Once the identification is made, I talk with the individuals about resources that might help them and connect them to various social service agencies if needed. I let people know about where they can get long-term support and mental health counseling. Sometimes people need help and coaching on how to talk to children about death. Other times I answer questions ranging from autopsies to how the Medical Examiner’s office interacts with funeral homes. I do my best to make sure that individuals are collected enough after the identification to go back into the world and take whatever their next steps happen to be.
Last week a gentleman who came to identify his mother said that he felt bad that I had to do this kind of work. My first initial reaction was to feel surprised. My corresponding thought was there is no reason why he should feel sorry for me. Doing this type of work is an honor and a privilege. I simply explained to the man that I believe that death is as natural as birth. Some people are there at the beginning of someone’s life and other people are there at the end. At times I feel woefully inadequate in the presence of such extreme loss, but I do my best to be what my mentor, Stephanie Handel, at the Wendt Center for Loss and Healing, has taught me about being an “exquisite witness” to an individual’s grief. At the very least, that person knows I believe their loss is important and has been provided with the resources to obtain additional support in the future.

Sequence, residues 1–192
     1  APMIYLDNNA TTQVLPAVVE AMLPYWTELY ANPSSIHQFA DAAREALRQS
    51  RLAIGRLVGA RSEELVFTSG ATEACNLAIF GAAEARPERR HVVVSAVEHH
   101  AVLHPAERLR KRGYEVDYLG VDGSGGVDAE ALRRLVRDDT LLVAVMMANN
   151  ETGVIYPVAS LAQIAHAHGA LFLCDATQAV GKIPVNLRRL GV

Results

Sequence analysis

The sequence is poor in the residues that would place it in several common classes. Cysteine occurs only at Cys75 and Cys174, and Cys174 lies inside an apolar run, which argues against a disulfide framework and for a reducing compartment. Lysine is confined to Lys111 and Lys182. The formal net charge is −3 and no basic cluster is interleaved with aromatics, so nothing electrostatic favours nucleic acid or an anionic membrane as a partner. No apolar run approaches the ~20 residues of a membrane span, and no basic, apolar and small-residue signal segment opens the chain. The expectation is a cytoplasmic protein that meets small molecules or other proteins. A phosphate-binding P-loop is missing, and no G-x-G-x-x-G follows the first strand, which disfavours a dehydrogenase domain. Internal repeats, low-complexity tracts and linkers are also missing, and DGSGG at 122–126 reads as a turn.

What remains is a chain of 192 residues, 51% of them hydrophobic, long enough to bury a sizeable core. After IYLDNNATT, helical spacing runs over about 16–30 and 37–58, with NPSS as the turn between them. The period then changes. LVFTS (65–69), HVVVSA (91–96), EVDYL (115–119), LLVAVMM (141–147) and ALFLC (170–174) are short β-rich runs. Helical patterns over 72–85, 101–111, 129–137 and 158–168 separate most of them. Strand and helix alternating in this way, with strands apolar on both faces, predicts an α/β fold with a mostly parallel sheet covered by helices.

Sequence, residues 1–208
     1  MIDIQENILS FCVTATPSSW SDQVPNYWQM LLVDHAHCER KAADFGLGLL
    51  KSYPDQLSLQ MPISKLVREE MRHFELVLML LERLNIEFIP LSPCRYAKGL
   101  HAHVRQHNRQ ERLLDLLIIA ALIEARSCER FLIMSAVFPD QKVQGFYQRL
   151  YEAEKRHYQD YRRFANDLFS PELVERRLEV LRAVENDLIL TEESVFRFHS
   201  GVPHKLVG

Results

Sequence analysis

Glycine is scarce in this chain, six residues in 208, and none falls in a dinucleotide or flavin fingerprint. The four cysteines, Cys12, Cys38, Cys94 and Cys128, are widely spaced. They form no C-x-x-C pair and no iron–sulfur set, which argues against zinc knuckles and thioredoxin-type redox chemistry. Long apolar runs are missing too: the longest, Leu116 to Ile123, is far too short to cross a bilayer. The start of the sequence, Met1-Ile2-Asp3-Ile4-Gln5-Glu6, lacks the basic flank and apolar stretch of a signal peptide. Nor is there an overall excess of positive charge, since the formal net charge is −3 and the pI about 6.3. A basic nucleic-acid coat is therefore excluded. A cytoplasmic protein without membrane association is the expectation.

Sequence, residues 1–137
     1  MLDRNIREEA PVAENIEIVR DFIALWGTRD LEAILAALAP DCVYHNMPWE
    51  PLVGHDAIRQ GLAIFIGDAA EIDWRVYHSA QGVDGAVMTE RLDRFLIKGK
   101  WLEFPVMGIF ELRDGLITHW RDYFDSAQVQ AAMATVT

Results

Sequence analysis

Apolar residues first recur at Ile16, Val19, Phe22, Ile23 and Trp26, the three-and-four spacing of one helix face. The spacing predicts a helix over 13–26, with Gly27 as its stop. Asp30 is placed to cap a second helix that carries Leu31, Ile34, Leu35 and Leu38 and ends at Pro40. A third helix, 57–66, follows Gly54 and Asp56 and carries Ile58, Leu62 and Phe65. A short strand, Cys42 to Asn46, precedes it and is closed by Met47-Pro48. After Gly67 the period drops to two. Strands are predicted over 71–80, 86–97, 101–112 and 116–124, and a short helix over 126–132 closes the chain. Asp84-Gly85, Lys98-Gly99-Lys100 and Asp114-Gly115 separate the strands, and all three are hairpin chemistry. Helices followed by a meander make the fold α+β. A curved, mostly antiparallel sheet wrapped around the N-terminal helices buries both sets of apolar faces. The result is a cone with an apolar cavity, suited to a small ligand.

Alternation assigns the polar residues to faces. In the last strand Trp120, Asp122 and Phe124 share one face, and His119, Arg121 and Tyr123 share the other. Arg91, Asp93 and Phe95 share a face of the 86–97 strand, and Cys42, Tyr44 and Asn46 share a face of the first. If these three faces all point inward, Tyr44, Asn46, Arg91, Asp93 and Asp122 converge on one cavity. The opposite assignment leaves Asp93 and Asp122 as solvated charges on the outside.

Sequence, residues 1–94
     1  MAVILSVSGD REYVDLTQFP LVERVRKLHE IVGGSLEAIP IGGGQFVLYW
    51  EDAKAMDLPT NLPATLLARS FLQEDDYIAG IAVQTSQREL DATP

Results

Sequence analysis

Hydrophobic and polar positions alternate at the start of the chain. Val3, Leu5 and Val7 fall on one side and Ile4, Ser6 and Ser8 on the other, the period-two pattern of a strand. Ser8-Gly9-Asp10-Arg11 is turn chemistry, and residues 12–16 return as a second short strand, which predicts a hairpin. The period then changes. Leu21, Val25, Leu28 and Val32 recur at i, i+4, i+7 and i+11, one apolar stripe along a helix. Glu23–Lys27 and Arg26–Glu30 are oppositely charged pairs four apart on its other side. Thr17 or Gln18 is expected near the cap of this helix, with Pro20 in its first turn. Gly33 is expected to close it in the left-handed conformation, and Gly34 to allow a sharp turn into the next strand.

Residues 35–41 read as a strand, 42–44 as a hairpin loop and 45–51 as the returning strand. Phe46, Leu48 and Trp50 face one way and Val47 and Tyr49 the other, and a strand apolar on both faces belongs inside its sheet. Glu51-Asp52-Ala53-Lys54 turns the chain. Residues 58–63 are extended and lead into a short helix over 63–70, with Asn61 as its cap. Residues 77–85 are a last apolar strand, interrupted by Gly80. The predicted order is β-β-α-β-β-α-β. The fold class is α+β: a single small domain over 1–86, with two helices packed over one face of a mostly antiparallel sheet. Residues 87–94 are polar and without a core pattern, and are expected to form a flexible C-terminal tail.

I feel lucky to be able to experience death in such a direct way. Facing my mortality on a daily basis has a lot of benefits in addition to reminding me to eat my vegetables, say no to drugs, wear safety gear, and avoid befriending people with both anger issues and firearms. I keep things in perspective since few challenges measure up to crisis level after an afternoon at the medical examiner’s office. I have increased gratitude for the people and things in my life that make me feel cared for, safe, and loved.
Becoming a grief counselor and working at the morgue is not the only way to obtain a greater sense of one’s own mortality, although I certainly have a passion for my work. Volunteering for a hospice organization, hospital, nursing home, homeless shelter or food bank, or a children’s grief and loss camp can all be excellent opportunities to help others and engage in self-reflection. Connecting with others and hearing peoples’ stories of loss, and how they make meaning out of that loss, is a necessary reminder of what it truly takes to live.
Liz Kelly, MSW, LGSW is a mental health professional and social worker. She founded the website, www.politicope.com, a mental wellness resource for those living and working in the Washington, DC. She can be reached at email@example.com.